Native to North America, the Saskatoon serviceberry tree produces delicious, healthy, berries and is a great addition to a landscape because of its beautiful flowers in the spring. The berries contain many antioxidants, vitamins, and minerals (more so than blueberries). Additionally they bloom a beautiful white in the spring and turn gold red in the fall. Moreover they provide food for birds and other animals and are also important for northwestern Native Americans. The name Saskatoon comes from a Cree word (misâskwatômina) meaning “the fruit of the tree of many branches.” Other names for this berry tree include Western Serviceberry, Indian Pear, Prairie Berries, and Juneberries. In fact, the city of Saskatoon in Saskatchewan is named for it.
- Uses: The berries are perfect for eating just like you would eat a blueberries, e.g. in smoothies, cobblers, pies, muffins, pancakes, jellies, jams… Additionally the shrub is great for landscaping, especially along the edges of woodland gardens or large border plantings.
- Taste: These dark blue berries are not only sweet but very juicy. Additionally they have an earthy flavor with a rich almond undertone.
- Health Benefits: These berries are incredibly healthy. Compared to blueberries, Saskatoon serviceberries have six times more calcium, and also more protein, fat, fiber, and iron. Additionally, they are packed with antioxidants, minerals (calcium, copper, iron, magnesium, manganese, and potassium), and vitamins (ascorbic acid, folic acid, pantothenic acid, pyridoxine, riboflavin, thiamin, and tocopherols).
- Size: At maturity, the size can range from 8 – 10 feet. However you can prune these shrubs to a smaller or taller height.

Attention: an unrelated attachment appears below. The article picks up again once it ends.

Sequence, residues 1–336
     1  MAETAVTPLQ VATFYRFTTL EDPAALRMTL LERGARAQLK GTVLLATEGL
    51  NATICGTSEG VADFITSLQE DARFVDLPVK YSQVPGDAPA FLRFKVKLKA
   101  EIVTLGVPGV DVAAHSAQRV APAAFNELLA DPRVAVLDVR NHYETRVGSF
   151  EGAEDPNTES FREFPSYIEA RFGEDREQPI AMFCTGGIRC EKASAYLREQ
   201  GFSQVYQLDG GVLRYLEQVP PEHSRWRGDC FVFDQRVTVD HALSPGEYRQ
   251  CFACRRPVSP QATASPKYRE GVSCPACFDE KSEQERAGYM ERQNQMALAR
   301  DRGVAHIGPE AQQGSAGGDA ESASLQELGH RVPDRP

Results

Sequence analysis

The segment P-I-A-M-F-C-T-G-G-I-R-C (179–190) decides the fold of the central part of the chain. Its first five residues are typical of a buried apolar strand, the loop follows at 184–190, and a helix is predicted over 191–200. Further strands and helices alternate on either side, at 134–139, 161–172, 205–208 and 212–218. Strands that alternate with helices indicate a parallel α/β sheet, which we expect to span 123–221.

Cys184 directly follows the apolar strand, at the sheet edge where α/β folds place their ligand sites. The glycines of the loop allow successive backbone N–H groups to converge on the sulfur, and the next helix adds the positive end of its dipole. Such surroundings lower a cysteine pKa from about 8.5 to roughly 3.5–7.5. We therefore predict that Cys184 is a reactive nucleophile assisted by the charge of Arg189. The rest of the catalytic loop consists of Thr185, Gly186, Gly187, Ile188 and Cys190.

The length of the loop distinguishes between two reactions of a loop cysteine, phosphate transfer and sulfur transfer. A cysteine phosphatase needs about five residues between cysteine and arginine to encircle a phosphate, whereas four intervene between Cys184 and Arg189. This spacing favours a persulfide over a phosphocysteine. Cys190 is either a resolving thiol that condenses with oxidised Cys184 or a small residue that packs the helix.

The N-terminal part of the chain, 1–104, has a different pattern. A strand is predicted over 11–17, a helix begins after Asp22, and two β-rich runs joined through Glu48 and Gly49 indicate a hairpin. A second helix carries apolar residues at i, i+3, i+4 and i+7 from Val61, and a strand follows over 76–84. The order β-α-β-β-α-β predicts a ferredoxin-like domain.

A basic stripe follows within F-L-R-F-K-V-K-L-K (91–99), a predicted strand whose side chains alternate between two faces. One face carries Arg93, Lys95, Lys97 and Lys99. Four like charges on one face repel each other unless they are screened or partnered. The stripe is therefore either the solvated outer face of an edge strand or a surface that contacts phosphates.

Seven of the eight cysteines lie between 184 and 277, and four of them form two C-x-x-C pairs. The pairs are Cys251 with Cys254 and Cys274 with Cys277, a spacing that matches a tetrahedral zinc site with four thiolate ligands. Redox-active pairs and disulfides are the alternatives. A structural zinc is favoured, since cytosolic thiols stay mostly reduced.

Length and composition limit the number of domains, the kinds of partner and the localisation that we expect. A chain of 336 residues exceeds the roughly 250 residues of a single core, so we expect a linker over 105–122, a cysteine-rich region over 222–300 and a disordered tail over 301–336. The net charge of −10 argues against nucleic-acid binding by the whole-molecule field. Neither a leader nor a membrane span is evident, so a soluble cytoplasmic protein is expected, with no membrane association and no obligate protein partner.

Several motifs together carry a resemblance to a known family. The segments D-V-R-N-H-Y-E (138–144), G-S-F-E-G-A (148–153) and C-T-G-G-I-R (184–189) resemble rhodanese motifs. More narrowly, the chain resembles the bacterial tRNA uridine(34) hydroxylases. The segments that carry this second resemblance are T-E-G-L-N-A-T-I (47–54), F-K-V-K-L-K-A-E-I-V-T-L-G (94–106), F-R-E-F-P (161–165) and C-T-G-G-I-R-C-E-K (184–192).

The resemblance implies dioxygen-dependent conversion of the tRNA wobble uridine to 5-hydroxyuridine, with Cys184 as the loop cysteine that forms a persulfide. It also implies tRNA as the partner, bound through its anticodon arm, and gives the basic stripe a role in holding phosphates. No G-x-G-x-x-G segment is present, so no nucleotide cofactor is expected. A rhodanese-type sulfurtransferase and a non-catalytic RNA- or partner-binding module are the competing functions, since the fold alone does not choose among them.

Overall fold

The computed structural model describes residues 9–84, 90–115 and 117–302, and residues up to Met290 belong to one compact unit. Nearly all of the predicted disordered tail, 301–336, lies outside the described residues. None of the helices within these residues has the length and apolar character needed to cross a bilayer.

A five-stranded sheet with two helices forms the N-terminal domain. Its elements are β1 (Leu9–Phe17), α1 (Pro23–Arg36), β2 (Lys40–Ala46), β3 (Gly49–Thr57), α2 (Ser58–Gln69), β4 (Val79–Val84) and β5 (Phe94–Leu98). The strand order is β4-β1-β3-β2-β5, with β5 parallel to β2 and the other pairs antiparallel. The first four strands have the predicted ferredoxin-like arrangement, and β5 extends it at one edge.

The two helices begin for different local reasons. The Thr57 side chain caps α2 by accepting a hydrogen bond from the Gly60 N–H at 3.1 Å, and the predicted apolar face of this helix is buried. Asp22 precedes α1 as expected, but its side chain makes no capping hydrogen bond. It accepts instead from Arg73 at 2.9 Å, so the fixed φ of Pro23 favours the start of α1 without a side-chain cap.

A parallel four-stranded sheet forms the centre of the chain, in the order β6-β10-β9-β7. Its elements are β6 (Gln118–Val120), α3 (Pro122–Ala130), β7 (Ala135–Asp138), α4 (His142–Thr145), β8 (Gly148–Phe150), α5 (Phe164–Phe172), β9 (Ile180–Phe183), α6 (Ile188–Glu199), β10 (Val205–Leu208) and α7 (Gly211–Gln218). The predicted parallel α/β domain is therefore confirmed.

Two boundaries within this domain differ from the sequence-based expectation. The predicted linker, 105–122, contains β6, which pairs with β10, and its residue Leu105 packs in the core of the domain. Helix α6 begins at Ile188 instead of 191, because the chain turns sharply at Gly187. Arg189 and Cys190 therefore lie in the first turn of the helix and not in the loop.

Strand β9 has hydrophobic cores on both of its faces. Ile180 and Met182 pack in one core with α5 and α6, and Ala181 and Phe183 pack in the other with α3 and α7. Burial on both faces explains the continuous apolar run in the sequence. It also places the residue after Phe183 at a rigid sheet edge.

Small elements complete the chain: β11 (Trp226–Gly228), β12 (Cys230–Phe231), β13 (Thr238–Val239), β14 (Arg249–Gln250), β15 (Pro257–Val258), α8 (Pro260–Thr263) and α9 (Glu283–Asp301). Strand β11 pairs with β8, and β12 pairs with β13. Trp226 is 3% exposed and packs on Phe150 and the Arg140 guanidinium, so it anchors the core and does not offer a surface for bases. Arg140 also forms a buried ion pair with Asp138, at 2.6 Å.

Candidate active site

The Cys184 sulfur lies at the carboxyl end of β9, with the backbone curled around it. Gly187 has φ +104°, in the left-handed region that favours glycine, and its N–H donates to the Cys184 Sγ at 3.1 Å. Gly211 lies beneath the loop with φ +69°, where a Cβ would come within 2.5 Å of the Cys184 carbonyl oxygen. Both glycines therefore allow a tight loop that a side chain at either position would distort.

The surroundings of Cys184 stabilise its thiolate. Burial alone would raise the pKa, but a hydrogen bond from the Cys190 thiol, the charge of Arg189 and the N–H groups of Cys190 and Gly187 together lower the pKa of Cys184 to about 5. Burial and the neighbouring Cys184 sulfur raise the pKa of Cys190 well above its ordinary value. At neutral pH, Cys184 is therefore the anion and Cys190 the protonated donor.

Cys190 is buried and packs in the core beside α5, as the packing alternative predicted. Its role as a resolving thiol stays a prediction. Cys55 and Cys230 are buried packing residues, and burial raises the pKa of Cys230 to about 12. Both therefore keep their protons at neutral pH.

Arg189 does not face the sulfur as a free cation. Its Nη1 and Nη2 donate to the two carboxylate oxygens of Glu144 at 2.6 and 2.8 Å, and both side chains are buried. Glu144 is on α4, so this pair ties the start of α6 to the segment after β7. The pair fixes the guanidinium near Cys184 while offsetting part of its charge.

- Color: In the spring, you will see radiant white flowers. When the berries mature, they are an intense purple (due to the presence of pigments called anthocyanins). Then in the fall, you will see vivid reds and gold as the leaves change colors.
- Hardiness Zones: 4 – 7
- Pests and Diseases
- The Saskatoon serviceberry can be susceptible to fireblight, mildew, rust, fungal leaf spots, cankers, as well as rabbits and mice. You can use organic pest/disease management practices such as pruning and spraying with soap water. You can dissolve one shaved bar into one quart hot water, then add two gallons of water and shake before spraying.
- Bloom Period: Spring
- Harvest Period: The berries will ripen in June, changing from green, to red, to purplish black.
- Pollination: These shrubs can be self-pollinated and cross-pollinated via insects.
- Cultivation: With full/partial sun and yearly pruning, these shrubs will grow wonderfully. However if the root system becomes exposed, add some topsoil around the base. If you would like, adding some manure in the fall every other year will keep the roots happy.
- Soil preference: These shrubs prefer moist, well-drained, slightly acidic, soil with a pH of 5.5 – 7.0.
- Wildlife Value: Birds and other animals love these delicious berries. If you are also a bird lover, then these berries will do the trick.
Check out our guides page for information on how to take care of trees.